Currently my son's father and I have no custody orders or been to court for anything. We lived together as a family for 4.5 years, our son is now 6. I left approx. 2 years ago and lived alone with son in new place for about a year going to school. Now living with parents till completion. I would like to move with my son. I have always been the primary caregiver even while in the relationship and especially more so now after I left. Ex never paid much for financial care of son, I left, handled it between 2 of us. Transferring soon need to know can I move out of state ? How far can I move in current state ? Can I move now with no orders in effect of any kind ? Will that hurt or help case ? I want kid in better overall environment cross the board, its not California anymore. What do I do ?
What is the best possible way to go about this ? I am reasonable, logical person and do not want to create a huge nasty mess with any of this. I have tried my best to handle the separation like adults with the kiddos best interest in mind. But I do think a move down the line in near future is his best interest for many reasons. Don't care about support, will pay travel costs. If I were to plan this for the best possible outcome what steps should I take now ? I do not want to "skip" town. I want to do this right. Briefly just read art. here that says when order is effect I have to ask permission to change sons school district ? I live in Moreno Valley, CA I absolutely am not living the next 12 years in this area ? If I cannot leave state which I could understand, can I at least move to central or northern California without being a major pain in the ass if his dad says no ? What's the price tag for attorney's start to finish for primary/legal cases in my area ?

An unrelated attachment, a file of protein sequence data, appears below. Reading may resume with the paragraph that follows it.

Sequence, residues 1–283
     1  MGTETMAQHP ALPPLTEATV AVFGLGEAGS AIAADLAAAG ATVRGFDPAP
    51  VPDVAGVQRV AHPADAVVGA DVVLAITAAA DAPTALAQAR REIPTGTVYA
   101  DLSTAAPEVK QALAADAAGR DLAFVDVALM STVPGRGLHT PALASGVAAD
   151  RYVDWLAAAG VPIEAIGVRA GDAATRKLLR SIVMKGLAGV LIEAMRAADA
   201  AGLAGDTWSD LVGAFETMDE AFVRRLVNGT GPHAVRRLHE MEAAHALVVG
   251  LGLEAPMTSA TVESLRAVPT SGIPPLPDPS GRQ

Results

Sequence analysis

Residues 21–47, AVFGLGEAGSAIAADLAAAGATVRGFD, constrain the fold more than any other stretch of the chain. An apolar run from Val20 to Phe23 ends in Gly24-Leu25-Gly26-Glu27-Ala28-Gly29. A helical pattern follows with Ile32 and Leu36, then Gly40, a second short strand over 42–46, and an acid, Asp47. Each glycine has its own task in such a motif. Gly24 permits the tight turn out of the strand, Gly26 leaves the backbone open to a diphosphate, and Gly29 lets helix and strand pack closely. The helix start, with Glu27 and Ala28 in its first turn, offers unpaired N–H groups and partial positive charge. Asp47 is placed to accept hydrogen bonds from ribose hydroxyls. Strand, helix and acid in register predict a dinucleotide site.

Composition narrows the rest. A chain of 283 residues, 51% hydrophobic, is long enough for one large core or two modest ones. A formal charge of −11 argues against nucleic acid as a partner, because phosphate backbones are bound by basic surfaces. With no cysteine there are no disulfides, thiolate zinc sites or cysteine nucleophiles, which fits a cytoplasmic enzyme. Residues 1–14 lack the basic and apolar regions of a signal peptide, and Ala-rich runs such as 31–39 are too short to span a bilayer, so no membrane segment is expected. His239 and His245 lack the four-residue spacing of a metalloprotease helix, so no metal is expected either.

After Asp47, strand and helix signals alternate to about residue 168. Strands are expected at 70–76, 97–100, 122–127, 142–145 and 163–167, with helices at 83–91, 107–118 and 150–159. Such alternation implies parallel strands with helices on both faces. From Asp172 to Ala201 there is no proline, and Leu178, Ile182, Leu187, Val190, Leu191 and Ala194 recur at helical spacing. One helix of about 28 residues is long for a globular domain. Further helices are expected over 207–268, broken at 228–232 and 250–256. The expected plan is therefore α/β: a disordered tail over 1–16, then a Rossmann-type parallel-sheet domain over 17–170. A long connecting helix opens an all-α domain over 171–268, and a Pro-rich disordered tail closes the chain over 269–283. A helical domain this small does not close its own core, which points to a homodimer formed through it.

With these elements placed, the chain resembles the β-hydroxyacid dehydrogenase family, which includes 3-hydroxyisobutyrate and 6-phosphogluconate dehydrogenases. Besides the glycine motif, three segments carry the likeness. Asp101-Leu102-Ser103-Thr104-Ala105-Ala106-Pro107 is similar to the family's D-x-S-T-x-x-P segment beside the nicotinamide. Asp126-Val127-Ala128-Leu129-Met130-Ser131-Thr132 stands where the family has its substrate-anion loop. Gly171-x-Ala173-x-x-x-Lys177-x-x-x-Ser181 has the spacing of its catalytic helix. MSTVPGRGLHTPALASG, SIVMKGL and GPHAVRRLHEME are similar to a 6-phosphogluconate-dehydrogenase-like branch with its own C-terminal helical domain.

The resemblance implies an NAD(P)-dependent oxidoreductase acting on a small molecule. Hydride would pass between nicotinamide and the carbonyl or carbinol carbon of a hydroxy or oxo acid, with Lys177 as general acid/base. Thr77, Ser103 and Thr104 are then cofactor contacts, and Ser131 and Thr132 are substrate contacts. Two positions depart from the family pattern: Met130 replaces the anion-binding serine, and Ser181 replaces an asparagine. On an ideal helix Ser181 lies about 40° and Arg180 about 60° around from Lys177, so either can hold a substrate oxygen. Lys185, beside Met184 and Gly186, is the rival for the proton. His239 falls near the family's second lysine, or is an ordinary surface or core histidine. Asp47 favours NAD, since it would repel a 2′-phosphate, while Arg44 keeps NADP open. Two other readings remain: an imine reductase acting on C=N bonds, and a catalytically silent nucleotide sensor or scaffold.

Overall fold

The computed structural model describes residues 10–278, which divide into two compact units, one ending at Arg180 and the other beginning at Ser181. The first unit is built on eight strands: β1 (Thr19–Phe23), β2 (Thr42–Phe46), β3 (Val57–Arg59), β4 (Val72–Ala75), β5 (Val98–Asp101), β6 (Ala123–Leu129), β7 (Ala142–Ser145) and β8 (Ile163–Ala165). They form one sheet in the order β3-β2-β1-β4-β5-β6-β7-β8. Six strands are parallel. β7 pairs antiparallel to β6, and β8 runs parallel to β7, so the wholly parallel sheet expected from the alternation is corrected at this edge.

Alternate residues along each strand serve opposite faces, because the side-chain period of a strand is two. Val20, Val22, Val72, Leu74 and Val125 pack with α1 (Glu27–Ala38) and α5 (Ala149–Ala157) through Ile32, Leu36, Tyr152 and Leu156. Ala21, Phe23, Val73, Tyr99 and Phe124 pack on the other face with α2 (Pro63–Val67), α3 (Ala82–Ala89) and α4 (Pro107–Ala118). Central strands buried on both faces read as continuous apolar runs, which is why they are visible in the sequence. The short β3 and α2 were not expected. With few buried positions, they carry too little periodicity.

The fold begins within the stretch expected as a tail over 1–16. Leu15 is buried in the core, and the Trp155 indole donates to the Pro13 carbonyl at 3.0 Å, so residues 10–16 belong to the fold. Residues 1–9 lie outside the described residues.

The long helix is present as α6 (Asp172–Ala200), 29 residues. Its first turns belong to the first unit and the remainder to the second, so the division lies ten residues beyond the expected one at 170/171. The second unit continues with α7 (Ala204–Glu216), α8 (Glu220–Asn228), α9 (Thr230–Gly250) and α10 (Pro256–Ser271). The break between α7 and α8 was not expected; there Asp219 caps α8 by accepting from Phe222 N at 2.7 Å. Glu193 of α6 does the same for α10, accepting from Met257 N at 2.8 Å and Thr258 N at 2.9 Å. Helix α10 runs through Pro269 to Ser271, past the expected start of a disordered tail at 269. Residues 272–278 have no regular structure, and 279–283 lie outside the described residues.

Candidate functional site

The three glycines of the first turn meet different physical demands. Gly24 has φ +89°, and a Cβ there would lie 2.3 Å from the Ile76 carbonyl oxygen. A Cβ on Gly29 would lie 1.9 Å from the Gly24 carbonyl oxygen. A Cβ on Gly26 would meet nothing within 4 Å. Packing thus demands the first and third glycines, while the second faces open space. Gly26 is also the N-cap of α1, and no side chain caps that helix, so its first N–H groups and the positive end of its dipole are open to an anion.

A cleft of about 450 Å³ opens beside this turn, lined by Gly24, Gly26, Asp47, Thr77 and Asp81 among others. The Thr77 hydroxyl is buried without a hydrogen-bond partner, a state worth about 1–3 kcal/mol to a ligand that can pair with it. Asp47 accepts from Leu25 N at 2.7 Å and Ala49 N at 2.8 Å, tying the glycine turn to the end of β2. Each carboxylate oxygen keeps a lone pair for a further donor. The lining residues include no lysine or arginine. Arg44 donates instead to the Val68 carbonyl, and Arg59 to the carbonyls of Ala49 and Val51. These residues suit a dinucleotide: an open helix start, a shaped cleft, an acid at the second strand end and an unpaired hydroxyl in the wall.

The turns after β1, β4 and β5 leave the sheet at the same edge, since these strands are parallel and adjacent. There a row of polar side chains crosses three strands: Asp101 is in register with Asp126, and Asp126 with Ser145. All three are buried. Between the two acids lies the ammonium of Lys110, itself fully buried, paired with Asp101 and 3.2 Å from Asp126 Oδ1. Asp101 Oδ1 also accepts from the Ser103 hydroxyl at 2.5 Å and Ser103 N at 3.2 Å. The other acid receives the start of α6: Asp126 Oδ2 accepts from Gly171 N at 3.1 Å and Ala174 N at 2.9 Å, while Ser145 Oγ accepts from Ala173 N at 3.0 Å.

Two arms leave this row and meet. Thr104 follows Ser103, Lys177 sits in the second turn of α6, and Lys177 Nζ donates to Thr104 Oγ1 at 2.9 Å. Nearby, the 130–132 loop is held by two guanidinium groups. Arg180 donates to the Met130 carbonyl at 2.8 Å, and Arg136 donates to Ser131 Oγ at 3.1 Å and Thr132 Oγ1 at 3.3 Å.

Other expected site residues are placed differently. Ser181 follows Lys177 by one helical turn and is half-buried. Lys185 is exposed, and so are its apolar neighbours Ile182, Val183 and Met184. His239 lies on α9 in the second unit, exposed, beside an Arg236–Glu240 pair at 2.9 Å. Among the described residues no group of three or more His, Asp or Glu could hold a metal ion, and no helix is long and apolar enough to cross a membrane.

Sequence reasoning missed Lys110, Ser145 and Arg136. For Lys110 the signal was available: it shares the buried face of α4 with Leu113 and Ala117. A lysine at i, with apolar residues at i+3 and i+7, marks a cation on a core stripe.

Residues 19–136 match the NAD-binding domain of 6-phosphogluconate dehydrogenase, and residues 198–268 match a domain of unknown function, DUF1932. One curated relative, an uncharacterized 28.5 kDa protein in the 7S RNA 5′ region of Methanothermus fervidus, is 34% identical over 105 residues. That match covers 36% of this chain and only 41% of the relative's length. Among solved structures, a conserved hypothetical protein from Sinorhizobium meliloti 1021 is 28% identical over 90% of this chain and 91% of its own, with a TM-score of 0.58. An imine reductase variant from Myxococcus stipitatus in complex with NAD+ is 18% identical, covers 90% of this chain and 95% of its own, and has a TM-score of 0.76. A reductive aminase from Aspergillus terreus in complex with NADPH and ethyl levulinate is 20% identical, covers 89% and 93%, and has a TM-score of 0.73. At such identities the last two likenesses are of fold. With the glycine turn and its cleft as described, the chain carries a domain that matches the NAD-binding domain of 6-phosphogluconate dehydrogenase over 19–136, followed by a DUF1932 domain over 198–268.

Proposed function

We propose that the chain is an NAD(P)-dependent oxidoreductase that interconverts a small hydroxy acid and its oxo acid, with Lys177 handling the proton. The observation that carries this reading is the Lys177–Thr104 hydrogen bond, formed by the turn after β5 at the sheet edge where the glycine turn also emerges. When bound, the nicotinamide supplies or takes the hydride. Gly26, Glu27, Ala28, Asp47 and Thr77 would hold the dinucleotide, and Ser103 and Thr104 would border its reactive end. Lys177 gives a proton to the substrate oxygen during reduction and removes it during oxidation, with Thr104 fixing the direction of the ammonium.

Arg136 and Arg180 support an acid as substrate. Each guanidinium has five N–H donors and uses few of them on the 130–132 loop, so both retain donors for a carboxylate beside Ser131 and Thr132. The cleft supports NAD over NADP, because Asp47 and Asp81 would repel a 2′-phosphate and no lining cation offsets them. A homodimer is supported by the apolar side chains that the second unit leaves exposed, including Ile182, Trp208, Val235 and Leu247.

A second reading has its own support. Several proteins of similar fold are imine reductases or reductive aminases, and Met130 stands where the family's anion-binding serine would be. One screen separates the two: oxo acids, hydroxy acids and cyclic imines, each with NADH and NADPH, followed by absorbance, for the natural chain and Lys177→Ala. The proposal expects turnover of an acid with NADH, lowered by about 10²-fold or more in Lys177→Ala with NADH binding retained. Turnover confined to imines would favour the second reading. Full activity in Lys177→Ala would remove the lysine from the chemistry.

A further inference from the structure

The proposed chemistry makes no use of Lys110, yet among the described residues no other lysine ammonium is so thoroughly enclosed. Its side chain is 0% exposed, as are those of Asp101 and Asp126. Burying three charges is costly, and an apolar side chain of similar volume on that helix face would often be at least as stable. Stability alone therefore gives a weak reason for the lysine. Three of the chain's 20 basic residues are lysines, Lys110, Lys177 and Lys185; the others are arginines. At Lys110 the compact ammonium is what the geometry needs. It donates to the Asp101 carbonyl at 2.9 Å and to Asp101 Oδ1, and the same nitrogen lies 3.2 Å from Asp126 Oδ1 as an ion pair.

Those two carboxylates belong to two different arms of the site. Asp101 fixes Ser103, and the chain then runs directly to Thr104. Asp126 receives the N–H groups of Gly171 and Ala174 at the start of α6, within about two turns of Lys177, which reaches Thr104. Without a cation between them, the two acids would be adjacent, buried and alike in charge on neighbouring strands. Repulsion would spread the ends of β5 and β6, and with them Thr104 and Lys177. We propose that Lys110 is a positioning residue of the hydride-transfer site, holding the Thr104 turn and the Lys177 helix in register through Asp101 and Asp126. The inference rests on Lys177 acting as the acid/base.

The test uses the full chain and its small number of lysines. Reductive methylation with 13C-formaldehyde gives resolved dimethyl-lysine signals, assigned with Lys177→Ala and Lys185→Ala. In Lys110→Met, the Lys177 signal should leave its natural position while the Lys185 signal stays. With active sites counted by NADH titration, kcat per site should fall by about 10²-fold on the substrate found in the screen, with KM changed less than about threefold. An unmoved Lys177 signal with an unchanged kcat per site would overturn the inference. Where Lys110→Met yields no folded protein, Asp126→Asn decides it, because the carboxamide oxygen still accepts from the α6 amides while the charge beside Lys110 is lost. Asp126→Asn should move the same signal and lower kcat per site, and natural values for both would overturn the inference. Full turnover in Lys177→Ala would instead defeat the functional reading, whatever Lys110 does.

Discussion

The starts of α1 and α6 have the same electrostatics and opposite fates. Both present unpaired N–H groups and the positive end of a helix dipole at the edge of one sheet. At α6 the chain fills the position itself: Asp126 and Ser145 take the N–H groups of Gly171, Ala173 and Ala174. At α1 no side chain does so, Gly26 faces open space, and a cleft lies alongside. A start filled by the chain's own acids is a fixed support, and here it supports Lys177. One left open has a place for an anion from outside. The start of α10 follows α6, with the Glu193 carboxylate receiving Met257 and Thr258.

General Practice Lawyer
With no orders, you can move -- subject to him coming after the kids and asking the California court to order return the children.
In no way am I offering you legal advice, and in no way has my comment created an attorney-client relationship. You are not to rely upon my note above in any way, but insted need to sit down with counsel and share all relevant facts before receiving fully-informed legal advice. If you want to be completely sure of your rights, you must sit down with an experienced criminal defense attorney to be fully aware of your rights.
5 lawyers agree
Personal Injury Lawyer
If you file legal paperwork in California, that creates automatic temporary restraining orders (ATROS) preventing any move of the child until a judge gives permission. Since you state no legal paperwork has been filed with the court, it sounds like there are no court orders preventing you from moving, especially with the fact pattern that you listed. If you move, and he files legal paperwork in California, you may have to litigate the issue in California and deal with custody and visitation issues in California. You should consult with a family law attorney before making any move for a complete analysis of your situation.